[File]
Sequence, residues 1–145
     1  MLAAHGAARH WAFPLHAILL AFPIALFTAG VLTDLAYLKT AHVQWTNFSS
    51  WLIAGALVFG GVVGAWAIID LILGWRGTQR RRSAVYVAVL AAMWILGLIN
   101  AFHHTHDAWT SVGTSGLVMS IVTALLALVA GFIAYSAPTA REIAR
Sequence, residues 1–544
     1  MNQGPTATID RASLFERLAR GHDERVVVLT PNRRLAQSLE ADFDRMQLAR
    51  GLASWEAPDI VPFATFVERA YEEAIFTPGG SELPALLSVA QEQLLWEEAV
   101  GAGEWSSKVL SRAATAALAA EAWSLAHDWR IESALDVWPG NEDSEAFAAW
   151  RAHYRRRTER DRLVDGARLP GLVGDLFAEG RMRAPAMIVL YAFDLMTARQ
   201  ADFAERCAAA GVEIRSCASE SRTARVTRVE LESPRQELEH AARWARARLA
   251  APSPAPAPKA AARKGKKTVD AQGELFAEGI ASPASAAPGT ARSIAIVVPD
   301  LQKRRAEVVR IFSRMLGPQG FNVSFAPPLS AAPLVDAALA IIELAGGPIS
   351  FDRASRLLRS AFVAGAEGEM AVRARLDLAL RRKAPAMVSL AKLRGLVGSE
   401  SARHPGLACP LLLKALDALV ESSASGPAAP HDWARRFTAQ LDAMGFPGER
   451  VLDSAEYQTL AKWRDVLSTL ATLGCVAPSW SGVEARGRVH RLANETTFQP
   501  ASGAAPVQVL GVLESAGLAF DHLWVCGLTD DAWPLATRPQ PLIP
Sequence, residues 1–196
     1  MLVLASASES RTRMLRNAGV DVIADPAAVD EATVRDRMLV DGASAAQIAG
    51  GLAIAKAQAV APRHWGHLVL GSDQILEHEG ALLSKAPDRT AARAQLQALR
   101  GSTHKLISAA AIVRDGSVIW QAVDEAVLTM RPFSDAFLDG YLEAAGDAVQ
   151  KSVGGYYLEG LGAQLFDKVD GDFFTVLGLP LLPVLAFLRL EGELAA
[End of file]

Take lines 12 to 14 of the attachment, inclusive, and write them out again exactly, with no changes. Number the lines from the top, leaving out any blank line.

   301  LQKRRAEVVR IFSRMLGPQG FNVSFAPPLS AAPLVDAALA IIELAGGPIS
   351  FDRASRLLRS AFVAGAEGEM AVRARLDLAL RRKAPAMVSL AKLRGLVGSE
   401  SARHPGLACP LLLKALDALV ESSASGPAAP HDWARRFTAQ LDAMGFPGER